Orion Johnson

IBRA Rep case study – Orion Johnson


IBRA Rep case study – Orion Johnson

Denomination: Church of England

Area: Warwickshire

Average congregation: At the largest weekly service (10am Sunday), which is where I promoted FfTW, it’s usually 70-80 in church with more (15-20) attending online

Late November: I asked permission from our vicar to give a notice at the end of a service about the book; he was not only very happy for me to advertise and sell it at church, he added to my ‘plug’ by pointing out the rather dismal statistics for personal Bible reading among CofE congregations in general and made a plea for our parish to ‘buck the trend’.  That really helped galvanise enthusiasm, and I set up a table beside the exit route from church (our ‘Welcome Area’ or vestibule) and took orders as people left the service and headed back to their cars.  (We weren’t quite back to serving post-service coffees yet, but were in one of those opening-up stages between lockdown and normality)

I also had some copies of the 135th Anniversary edition (available at £1 each - so I was happy to give them away), for people to get a taste of the FfTW style, or for people to pass on to folk they might wish to encourage to take up the Bible reading habit.

With a noticeboard that gets cluttered with adverts from groups using our Parish Centre, etc, etc, and the fact that we still weren’t circulating and hanging around quite as normal, I didn’t bother trying to put a poster up as I knew it would be largely missed or ignored.  But the order form on the poster came in very handy to take names when various folk came up to me in the melee of leaving church / saying ‘goodbye’ to the vicar / saying ‘hello’ to friends – and most importantly to keep a record of who had paid and who hadn’t, since some thrust money in my hand straight away and others didn’t have cash on them.

Unsurprisingly, I quickly got rid of the ‘free’ anniversary copies, and encouraged takers to pass those on to whoever they wished. As the readings are not dated, they are perfect for someone to try as a ‘taster’ and can simply be passed on and on.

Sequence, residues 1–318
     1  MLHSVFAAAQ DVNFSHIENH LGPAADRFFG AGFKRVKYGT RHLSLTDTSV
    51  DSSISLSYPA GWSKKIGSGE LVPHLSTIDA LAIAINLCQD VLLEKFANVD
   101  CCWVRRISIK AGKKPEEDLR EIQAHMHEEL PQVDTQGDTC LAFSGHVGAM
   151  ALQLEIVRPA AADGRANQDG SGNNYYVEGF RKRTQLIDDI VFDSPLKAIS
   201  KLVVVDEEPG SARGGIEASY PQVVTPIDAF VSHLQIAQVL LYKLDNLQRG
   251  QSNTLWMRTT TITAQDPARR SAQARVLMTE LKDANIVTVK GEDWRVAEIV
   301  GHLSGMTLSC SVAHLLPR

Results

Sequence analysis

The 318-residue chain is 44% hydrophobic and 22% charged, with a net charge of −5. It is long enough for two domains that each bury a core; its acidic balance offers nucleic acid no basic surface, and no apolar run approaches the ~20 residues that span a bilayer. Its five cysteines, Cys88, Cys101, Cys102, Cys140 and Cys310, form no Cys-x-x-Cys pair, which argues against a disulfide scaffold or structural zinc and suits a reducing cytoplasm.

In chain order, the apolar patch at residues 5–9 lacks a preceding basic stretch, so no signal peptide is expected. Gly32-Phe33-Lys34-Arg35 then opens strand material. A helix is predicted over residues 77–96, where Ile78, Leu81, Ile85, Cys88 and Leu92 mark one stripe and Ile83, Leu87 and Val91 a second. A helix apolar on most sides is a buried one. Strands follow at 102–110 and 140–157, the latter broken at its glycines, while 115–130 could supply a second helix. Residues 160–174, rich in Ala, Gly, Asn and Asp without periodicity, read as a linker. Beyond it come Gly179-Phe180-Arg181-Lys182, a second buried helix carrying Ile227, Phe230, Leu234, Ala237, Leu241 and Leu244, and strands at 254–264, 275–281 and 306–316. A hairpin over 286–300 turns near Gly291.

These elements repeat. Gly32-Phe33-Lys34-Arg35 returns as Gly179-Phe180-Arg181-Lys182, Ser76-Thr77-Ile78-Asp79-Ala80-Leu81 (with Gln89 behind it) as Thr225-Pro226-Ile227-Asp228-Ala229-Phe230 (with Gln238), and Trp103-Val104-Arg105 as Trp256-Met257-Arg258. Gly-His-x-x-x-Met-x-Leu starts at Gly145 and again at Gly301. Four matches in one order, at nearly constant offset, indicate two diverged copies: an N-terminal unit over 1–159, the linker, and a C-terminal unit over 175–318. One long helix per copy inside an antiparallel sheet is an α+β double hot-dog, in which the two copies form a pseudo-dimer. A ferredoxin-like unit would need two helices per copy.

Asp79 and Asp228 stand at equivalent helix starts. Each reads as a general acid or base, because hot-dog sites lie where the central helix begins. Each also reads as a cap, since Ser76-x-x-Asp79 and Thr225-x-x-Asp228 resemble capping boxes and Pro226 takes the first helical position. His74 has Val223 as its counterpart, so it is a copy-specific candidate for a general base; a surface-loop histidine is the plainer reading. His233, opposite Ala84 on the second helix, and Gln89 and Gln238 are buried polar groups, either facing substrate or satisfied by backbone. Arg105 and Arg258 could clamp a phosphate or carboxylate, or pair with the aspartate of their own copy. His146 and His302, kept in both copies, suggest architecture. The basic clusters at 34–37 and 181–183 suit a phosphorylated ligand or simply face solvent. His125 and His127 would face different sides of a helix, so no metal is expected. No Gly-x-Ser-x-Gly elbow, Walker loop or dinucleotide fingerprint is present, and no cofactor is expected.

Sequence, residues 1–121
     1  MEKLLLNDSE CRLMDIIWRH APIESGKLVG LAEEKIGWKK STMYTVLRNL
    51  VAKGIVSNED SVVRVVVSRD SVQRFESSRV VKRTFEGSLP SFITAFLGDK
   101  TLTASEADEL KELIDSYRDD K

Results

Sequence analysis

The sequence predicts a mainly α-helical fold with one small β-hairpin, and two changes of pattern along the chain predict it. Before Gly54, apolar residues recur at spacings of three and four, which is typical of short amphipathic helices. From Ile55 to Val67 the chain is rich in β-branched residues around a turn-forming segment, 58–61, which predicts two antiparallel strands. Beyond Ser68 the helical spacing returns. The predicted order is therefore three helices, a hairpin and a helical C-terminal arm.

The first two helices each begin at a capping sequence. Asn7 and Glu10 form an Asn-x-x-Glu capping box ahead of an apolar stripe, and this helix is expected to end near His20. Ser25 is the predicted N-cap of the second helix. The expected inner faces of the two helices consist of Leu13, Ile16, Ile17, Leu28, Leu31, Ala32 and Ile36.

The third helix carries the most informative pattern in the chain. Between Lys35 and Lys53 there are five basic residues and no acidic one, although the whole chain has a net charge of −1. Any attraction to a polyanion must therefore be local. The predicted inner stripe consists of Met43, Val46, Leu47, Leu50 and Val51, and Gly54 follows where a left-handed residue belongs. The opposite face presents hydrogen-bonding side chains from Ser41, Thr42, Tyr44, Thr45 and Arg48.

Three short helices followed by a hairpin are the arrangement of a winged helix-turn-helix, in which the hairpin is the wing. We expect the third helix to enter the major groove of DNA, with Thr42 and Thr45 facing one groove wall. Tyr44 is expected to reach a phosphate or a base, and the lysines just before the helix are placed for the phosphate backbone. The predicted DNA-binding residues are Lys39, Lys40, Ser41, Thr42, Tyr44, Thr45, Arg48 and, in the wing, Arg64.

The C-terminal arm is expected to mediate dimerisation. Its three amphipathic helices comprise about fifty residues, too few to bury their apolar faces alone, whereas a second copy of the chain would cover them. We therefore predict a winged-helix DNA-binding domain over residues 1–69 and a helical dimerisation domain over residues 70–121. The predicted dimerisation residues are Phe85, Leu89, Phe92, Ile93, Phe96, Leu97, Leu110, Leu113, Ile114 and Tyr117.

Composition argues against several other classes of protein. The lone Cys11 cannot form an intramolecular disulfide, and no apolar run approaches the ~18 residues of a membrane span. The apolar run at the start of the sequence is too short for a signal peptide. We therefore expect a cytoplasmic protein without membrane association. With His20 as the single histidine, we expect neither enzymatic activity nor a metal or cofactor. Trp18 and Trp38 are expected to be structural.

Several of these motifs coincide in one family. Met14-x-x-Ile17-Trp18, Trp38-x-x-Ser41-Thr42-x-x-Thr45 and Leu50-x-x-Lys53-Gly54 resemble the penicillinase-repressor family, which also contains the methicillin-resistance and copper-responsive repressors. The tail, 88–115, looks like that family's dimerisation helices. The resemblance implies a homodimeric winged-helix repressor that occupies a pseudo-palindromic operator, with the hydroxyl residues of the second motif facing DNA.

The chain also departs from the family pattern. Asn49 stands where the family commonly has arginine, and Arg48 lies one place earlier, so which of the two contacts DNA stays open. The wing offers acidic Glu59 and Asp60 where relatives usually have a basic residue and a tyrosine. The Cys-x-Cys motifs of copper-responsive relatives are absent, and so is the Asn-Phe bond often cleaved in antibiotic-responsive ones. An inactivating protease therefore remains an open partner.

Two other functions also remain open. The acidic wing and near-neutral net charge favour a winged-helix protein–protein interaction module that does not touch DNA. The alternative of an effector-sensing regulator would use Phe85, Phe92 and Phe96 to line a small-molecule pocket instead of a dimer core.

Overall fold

I took a punt on achieving an order for enough copies (10) of FfTW to achieve the discounted rate; fortunately, I got orders for 7 or 8 on that first Sunday and one or two then emailed me during the week to add their names to the list, so I ordered 10 and when I had the copies to hand out after a subsequent service in December I quickly sold the remaining copies as 2 or 3 more people asked for them once they saw the finished copies there in front of them.

I had also asked for consent from one of the regular preachers who writes her own daily Bible reading notes for Advent and Lent (as I didn’t wish to ‘tread on toes’) – she was not only very happy for me to advertise FfTW, she also bought a copy. That had been the reason I didn’t advertise on Bible Sunday, as she is usually promoting her Advent notes by that time.

I have since had good feedback about the notes, including from a couple who use a number of different daily schemes and are quite conscientious Bible students so I was delighted to know that it is of use to people who are longstanding Christians and who have been serious Bible readers for decades as well as to those who are trying to cultivate the habit for the first time.

The year before, I had purchased a couple of copies to send to Christian friends as a sort of New Year present: one wrote a review of FfTW for her own parish magazine, so hopefully that has taken the book into another church too!

I found that clergy are generally eager to get their congregations cultivating a personal Bible reading habit: the supportive voices of my vicar and an associate minister were really powerful in drawing attention to FfTW as a tool to help with that. None of our ordained clergy were aware of the book before I promoted it, and to be fair it perhaps isn’t the sort of thing they would use themselves for perhaps a more theological daily study, but I found them very enthusiastic about anything that helps congregation members at all stages of the Christian ‘journey’ to engage with the Bible for themselves.